Axis of Evil
Arab-American Stand Up Comedy
Ahmed Ahmed, Dean Obdeidallah
Independent release Comedy DVD

Never tape your stand-up comedy show in a high school gym. If the Axis of Evil Comedy Tour with Ahmed Ahmed (whose CD I Believe I Can’t Fly is solid) and opening act Dean Obdeidallah had been filmed in a real comedy club chances are it would come across better than it does on this independent release comedy DVD. Neither comic feels totally comfortable on this high school auditorium stage and this seems to affect their rhythm and so their delivery and so their confidence. The audience itself, though somewhat warm, also feels like it is not quite comfortable with the setting considering this is a stand-up comedy show. The fact audience and comics are separated from the stage by some 15 feet and a weird fence looking thing does not help.

Dean Obdeidallah is okay in this performance though he certainly spends a lot of time using the old “Anybody here from ?” bit to try to get the audience on his side. This gets somewhat annoying and tedious when he gets to naming every possible country in the Middle East. Unfortunately, he does not only do that at the beginning of his set. This is quite weird because you get the very strong feeling that in a real comedy club his material comes across much better.

Obdeidallah is of Sicilian and Palestinian origins and this definitely gives him access to some very funny material. His Sicilian mother’s take on The Sopranos is funny. This comic’s best bit here is when he does George Bush speaking as if right out of a Dr. Seuss book. There is, of course, material on the post 9/11 world most Muslim looking Americans live in and the many frustrating encounters with the law they face every day. Another good bit, though under exploited, is the idea of Sharon and Arafat doing commercials together.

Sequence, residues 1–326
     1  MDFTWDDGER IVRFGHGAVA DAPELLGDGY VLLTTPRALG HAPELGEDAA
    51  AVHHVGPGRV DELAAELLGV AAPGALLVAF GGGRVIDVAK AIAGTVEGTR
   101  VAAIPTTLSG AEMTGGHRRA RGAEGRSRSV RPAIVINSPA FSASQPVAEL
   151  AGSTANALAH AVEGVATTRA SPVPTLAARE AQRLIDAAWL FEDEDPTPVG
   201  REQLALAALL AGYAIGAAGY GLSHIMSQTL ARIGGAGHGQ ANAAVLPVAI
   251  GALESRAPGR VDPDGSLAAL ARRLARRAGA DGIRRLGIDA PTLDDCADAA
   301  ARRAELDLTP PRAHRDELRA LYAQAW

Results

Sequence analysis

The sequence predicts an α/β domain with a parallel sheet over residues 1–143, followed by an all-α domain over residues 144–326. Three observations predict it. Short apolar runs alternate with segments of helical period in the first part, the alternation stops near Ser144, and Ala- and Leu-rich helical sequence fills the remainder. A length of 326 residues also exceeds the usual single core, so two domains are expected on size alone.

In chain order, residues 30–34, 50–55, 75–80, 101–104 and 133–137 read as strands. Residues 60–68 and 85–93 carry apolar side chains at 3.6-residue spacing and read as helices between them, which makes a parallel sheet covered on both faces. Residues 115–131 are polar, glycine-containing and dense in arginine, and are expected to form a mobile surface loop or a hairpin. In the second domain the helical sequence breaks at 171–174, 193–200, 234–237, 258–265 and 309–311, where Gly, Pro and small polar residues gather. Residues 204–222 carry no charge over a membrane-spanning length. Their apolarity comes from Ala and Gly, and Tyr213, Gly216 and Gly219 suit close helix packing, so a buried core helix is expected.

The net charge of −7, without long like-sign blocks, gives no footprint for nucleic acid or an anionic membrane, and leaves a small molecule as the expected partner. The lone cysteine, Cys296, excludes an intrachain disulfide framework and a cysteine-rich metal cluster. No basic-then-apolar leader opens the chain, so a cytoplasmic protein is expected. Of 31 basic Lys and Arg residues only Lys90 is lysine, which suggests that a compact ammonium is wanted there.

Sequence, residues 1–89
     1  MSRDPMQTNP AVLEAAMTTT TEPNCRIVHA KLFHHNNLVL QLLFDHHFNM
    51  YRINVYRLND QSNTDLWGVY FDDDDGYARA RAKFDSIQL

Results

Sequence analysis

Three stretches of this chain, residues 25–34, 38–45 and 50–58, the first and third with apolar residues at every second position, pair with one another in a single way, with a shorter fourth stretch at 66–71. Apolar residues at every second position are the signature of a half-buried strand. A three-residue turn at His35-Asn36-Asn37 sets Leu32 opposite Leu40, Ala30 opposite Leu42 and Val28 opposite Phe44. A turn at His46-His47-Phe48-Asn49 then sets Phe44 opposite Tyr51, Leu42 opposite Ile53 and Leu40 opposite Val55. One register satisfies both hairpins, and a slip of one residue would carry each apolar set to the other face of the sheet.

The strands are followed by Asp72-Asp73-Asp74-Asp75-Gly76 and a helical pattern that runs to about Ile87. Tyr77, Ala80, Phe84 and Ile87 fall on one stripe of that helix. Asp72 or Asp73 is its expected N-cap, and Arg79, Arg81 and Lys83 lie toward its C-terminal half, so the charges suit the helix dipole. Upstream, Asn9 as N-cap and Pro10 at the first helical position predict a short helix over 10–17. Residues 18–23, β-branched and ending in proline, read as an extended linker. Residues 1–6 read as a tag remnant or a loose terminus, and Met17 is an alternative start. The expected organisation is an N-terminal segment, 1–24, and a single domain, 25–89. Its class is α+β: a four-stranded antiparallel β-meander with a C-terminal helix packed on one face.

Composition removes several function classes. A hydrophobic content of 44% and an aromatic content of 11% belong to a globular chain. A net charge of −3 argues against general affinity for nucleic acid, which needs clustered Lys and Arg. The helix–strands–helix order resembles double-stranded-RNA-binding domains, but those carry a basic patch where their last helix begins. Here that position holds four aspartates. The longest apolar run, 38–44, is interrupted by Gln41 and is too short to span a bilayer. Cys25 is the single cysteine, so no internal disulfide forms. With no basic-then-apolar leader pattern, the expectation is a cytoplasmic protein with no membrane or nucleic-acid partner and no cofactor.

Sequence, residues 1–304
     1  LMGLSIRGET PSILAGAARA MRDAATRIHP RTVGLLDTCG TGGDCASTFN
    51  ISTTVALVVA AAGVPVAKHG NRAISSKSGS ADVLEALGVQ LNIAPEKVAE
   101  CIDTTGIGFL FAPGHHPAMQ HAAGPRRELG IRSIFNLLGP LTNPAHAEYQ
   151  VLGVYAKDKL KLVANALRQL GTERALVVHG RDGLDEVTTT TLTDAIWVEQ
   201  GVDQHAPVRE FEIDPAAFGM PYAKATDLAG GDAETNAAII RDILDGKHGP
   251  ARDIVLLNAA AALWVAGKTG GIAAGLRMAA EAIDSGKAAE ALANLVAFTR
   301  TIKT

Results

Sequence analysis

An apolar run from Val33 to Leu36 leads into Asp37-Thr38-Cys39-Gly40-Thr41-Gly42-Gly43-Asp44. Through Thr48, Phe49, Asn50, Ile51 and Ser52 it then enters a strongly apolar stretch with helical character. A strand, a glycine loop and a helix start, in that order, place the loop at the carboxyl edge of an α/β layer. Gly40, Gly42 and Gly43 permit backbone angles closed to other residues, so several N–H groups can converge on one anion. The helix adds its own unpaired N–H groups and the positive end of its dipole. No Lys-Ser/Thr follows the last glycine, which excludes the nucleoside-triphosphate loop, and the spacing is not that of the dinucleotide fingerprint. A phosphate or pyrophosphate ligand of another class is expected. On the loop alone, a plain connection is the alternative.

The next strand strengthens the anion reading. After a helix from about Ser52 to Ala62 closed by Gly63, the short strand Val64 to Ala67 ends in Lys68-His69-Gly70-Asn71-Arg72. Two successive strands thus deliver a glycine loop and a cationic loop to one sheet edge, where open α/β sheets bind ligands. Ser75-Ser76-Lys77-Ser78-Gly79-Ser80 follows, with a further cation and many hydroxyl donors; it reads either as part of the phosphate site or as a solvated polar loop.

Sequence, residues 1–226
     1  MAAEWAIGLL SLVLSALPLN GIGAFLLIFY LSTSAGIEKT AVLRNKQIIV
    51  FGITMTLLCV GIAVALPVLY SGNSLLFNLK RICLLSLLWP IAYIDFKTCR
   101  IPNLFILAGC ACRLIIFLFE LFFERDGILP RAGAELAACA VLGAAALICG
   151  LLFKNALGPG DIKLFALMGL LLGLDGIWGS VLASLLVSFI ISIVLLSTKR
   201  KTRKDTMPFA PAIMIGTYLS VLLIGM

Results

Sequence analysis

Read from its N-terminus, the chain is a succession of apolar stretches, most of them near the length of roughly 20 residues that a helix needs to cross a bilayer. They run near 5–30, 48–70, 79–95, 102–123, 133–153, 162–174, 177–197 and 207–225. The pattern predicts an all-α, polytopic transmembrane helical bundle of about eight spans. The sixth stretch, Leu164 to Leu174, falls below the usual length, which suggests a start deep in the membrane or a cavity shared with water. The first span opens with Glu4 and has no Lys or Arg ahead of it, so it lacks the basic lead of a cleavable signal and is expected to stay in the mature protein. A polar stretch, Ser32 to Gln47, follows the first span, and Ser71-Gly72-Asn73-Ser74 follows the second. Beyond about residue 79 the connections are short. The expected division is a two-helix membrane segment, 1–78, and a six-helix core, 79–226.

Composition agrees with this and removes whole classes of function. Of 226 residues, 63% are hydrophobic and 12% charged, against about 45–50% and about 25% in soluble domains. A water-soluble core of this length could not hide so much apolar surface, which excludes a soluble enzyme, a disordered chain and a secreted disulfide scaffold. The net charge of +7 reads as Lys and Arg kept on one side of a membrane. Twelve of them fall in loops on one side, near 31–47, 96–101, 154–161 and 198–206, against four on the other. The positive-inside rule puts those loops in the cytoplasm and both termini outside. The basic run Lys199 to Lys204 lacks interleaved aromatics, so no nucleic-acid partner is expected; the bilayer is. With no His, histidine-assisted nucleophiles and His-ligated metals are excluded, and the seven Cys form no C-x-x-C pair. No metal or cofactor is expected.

I have seen Ahmed Ahmed live, I have his comedy CD I Believe I Can’t Fly, and this performance does not feature this comic at his best. He too spends an inordinate amount of time getting connected with the audience with the “Anybody here from ?” bit and he too doesn’t seem to be able to get it really warmed up. This is unfortunate because the material, some fresh, such as spending some time in a Las Vegas jail for “airport rules” the day before the election, and some from the very good I Believe I Can’t Fly, is solid and sometimes quite dark. That he manages to offend some of this audience is, in my books, a plus.

Ahmed Ahmed also does very funny cultural, autobiographical, and observational comedy. His bit about growing up Arab American in a strict home with four women is very good, as is his routine about being terrorist number 4 in Executive Decision. His ideas for the title of a sitcom about Muslims are pretty good and he definitely gets you and the audience with the curve he tosses in at the end. This is a very good stand-up comic on a lesser recorded to DVD show.

Most annoying about The Axis of Evil Comedy Tour independent release comedy DVD is the fact that sometimes the synchronization between the sound and what the comic is saying is definitely off. This is most visible in some of Ahmed Ahmed’s bits.

The Axis Of Evil Comedy Tour DVD is more than a curiosity but less than a must see.